Scientists at the University of Illinois Chicago have found new evidence that people with severe COVID-19 may have something in common: an early and persistent activation of neutrophils, a type of white blood cells that the immune system uses to fight bacteria.
They made this observation after first building and validating a computational model to identify trends in gene expression over time and then applying it to datasets of SARS-CoV-2 infection in animals and people. The research team leveraged the model—called TrendCatcher—to better understand at what point during an infection are genes of the immune cells circulating in blood turned on or off.
“Studying changes in gene expression over the course of a disease can provide important information about the biological mechanisms that differentiate between people with mild and severe illnesses,” said the lead author Dr. Jalees Rehman, professor in the department of pharmacology and regenerative medicine and the department of medicine at the UIC College of Medicine. “This can give researchers many clues to develop effective treatments that target specific cells early on in the disease.”
The study’s first author is Xinge Wang, a UIC Ph.D. student in the department of biomedical engineering. Wang developed the TrendCatcher software to identify trends in gene expression data obtained from a broad range of patients, including those who developed only mild symptoms as well as those who had severe disease.
Identifying the gene signatures, which are linked to developing severe COVID-19, early on in the disease also would allow health care providers to start treating high-risk patients with the necessary medications even before the disease progresses.
For their experiments, the team analyzed publicly available gene expression data from blood samples collected from patients as soon as they were diagnosed with SARS-CoV-2 infection as well as in the subsequent weeks. The researchers found the early and persistent activation of neutrophils was a hallmark of patients who progressed to severe COVID-19. Activation of neutrophils occurred within the first week after the initial diagnosis and persisted for approximately four weeks in patients who developed COVID-19. In some severe COVID-19 patients, neutrophils remained active for up to six or seven weeks. Patients with mild COVID-19 showed minimal neutrophil activation.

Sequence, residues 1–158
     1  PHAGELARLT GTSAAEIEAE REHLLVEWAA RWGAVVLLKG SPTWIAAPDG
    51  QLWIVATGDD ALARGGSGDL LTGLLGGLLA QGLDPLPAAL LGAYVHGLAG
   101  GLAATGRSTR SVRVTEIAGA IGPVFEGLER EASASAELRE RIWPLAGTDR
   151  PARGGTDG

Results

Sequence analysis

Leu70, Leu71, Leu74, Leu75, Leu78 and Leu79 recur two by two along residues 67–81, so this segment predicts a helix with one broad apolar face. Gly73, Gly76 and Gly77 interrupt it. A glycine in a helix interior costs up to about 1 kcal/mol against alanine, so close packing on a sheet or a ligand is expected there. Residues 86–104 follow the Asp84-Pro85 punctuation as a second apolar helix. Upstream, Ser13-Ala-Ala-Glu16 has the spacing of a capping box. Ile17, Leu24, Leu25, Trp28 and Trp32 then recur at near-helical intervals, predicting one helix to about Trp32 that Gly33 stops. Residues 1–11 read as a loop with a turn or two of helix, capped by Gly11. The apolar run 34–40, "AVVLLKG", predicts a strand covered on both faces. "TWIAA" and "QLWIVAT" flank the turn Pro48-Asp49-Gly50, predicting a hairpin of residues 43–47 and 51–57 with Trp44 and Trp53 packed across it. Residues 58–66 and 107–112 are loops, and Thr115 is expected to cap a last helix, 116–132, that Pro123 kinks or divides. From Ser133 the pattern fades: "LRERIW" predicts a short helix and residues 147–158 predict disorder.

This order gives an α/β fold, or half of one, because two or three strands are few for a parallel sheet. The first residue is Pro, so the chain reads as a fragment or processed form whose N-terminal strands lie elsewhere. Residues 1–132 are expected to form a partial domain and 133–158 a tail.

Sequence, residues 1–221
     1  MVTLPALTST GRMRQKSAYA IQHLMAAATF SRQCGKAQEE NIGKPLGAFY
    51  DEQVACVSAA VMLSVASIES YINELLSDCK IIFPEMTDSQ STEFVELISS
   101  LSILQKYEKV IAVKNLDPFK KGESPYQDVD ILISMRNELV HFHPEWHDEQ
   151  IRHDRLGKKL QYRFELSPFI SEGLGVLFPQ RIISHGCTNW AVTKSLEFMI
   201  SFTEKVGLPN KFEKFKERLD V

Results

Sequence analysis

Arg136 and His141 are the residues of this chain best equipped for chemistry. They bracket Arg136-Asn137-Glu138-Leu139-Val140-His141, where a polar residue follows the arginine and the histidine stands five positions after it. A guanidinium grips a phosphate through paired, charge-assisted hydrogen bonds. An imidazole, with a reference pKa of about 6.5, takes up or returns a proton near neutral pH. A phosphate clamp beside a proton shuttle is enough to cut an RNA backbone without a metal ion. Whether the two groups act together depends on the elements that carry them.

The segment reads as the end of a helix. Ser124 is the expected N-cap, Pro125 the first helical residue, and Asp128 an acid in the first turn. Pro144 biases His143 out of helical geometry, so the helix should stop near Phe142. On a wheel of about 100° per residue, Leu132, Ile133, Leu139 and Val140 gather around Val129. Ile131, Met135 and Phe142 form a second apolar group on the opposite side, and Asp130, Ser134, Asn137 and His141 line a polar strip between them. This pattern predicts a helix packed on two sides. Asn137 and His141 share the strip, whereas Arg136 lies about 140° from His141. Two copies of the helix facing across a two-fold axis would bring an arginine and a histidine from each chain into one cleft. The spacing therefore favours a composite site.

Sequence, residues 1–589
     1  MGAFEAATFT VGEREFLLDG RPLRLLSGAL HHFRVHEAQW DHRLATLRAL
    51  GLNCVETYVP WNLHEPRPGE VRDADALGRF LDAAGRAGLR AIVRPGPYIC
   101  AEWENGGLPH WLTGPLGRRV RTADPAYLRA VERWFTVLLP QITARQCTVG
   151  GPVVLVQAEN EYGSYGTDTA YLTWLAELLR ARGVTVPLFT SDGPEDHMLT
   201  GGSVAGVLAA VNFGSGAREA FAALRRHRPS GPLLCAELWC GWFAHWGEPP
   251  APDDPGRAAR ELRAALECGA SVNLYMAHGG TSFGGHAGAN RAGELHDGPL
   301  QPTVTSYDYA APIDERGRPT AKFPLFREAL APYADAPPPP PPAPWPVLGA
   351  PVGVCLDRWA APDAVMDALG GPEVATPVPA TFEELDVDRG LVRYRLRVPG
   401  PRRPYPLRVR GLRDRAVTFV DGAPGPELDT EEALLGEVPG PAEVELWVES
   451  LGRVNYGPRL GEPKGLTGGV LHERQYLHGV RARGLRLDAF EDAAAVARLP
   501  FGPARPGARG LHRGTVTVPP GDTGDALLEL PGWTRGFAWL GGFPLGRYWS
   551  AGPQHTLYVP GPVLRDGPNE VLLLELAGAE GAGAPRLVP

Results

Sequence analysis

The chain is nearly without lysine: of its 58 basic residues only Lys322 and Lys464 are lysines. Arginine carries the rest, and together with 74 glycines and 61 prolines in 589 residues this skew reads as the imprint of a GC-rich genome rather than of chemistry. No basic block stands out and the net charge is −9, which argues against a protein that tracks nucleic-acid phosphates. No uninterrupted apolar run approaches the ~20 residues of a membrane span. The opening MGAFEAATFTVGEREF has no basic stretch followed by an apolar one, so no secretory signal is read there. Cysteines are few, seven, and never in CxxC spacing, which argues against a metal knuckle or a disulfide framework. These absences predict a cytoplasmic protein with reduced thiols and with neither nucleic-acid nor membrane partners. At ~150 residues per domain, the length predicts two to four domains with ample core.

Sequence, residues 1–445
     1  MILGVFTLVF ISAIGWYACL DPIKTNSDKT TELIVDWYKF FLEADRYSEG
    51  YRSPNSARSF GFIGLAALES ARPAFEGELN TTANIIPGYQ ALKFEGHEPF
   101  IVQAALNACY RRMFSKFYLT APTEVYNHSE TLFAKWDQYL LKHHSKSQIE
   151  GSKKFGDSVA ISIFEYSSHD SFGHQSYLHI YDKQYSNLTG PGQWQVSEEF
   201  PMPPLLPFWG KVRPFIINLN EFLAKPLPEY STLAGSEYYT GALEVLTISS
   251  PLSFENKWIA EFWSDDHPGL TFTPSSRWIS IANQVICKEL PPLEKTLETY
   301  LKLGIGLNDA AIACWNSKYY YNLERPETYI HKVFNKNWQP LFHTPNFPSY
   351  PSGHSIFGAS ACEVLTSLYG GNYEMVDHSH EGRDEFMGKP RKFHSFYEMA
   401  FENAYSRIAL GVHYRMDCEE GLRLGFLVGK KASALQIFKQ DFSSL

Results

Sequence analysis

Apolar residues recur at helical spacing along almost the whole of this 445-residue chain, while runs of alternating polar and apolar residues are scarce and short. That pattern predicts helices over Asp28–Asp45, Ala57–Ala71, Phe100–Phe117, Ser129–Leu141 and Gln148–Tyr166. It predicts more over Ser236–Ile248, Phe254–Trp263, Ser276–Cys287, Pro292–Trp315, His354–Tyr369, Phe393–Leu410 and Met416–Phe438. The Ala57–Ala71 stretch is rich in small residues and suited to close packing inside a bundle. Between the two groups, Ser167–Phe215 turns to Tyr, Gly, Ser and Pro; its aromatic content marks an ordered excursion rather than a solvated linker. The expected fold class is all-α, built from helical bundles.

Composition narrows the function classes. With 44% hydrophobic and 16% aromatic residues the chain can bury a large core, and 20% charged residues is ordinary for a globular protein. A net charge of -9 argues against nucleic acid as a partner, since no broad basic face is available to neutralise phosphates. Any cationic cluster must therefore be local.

The researchers also found that healthy immune responses included upregulation of interferon protein signaling, an antiviral defense mechanism of the human body. Patients with mild COVID-19 showed early activation of the interferon pathway, similar to what was seen in individuals receiving a SARS-CoV-2 mRNA vaccination.
Their study, titled “Temporal transcriptomic analysis using TrendCatcher identifies early and persistent neutrophil activation in severe COVID-19,” is published in the journal JCI Insight.
“The findings reported in this study could potentially form the basis of developing or delivering COVID-19 therapies that are appropriate for a given time window,” Rehman said. “Because we know that neutrophil activation is associated with severe COVID-19 illness, further validation of these findings could lead to a simple blood test at key windows of time to indicate a patient should be prioritized for available treatments.”
Rehman said that this evidence also helps to support other studies that suggest excessive neutrophil activation may explain why some patients develop severe COVID-19 whereas others do not.
“Specifically treating excessive neutrophil activation would prevent damage to the body’s own tissues by suppressing hyperactive neutrophils while allowing other immune cells to do their job and eliminate the virus,” Rehman said.
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